I wanted them to talk about finances, and class, and perception, and privilege, and shame—and how all those filtered into pleasure/female pleasure, their favorite topic of conversation. Talk about why Clara never felt that pleasure was something that should be on her checklist (marrying well, instead, was). And why Josh turned to porn instead of a PhD in art history, when he was aimless (he doesn’t have a trust fund).
Then, once they get together as a couple, I wanted to see them deal with bridging those gaps. That, to me, is the fun. Not only the getting together. The working out, too. An example of a romance novel that does the “working out” bit excellently and convincingly For Real by Alexis Hall. The couple, both men, are about 15 years apart—and their age and wealth gap are grappled with throughout the novel. Since they “get together” (ie sleep together) much sooner than Josh and Clara in The Roommate, this couple has time to, well, talk. Their heads aren’t always buzzing with desire.
The premise of The Roommate book is fascinating, as I stated. Inherent to Josh and Clara’s relationship is a lot to figure out, and a lot to teach each other. I wanted to watch them start the process, at least, of figuring out how this relationship would work in the real world—and maybe I would’ve bought them as a couple more. And bought the scene of Clara’s Greenwich parents having Thanksgiving with Josh (THAT is a conversation I needed to see, especially given her need for their approval!)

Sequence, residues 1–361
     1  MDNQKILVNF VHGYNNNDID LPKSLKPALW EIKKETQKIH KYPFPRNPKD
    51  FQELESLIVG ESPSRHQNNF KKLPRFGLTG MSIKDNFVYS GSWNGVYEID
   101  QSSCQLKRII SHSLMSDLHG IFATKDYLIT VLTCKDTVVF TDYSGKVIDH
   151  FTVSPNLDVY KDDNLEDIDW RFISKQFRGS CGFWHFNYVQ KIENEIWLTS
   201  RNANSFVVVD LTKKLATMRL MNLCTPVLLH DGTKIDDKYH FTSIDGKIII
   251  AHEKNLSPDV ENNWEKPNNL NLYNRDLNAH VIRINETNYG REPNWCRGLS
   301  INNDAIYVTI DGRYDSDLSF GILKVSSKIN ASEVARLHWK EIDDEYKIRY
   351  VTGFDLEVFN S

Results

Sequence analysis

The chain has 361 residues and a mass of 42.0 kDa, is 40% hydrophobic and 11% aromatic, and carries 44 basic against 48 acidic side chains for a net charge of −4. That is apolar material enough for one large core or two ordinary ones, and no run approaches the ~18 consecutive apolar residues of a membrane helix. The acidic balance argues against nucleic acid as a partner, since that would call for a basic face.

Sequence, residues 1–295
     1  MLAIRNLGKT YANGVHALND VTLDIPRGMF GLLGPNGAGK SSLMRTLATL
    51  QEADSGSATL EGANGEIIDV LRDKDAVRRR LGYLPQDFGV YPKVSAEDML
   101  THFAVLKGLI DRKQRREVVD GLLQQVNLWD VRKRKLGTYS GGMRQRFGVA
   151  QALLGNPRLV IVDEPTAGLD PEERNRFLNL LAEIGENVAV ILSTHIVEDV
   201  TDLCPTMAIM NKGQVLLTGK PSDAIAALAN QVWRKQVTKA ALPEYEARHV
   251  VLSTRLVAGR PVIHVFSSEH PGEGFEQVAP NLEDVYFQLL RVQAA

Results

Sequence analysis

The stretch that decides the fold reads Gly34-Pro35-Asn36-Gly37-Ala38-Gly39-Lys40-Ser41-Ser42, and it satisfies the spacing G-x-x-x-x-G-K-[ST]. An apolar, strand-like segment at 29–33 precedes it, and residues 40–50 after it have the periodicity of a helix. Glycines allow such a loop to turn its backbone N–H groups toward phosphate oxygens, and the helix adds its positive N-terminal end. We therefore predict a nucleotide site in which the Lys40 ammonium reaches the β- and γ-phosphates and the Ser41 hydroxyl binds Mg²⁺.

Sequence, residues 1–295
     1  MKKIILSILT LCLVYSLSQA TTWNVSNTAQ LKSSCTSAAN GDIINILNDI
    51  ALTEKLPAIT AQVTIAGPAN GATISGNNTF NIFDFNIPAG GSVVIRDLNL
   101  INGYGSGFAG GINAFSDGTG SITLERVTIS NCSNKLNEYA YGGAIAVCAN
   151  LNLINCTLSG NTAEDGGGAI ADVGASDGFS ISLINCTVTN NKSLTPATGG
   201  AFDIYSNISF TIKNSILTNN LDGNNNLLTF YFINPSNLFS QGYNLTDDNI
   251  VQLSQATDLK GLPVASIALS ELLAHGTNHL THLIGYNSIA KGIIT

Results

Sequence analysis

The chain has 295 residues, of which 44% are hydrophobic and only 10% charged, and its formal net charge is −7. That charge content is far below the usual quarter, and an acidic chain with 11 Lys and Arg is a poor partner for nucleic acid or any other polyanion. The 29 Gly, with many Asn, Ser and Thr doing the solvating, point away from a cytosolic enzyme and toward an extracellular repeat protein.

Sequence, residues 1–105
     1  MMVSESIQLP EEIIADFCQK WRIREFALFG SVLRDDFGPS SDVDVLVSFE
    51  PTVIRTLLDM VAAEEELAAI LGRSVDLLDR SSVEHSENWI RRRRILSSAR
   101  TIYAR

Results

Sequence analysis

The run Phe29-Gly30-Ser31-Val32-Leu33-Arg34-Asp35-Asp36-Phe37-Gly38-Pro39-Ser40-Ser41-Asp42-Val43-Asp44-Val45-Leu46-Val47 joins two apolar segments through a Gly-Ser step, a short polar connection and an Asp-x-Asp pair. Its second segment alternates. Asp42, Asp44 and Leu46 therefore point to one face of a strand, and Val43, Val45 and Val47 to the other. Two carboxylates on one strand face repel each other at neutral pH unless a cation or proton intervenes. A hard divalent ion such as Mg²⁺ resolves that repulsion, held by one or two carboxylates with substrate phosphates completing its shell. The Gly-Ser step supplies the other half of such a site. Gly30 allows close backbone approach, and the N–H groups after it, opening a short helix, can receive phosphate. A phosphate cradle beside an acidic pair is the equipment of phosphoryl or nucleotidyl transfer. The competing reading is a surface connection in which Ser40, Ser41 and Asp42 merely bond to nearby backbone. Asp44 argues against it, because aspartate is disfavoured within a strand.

Do I sound like a fun sucker? I’m sorry if so. The book was a romp and an optimistic page-turner. I appreciated the characters’ definition of “love” as a kind of freedom to be yourself, and be wholly accepted. I totally recommend it for a feminist take on the porn industry, and a rosy portrayal of what could be in adult entertainment.
The Roommate is a worthy read—after all, it’s always a joy to watch women unravel into puddles of pleasure after reigning themselves in for so long. Sort of like Sandy from Grease, though I could never tell if she wanted to be a Greaser or if she was just changing for Danny.
Whether Clara changed for Josh or because of Josh (and I think it’s the latter), I’m happy it happened. Another woman who learns to exhale, sink into her body, and enjoy her life. Even if she and Josh don’t work out (WHICH I KNOW isn’t the point of the book), I think she’ll remember that lesson in Greenwich.
Buy The Roommate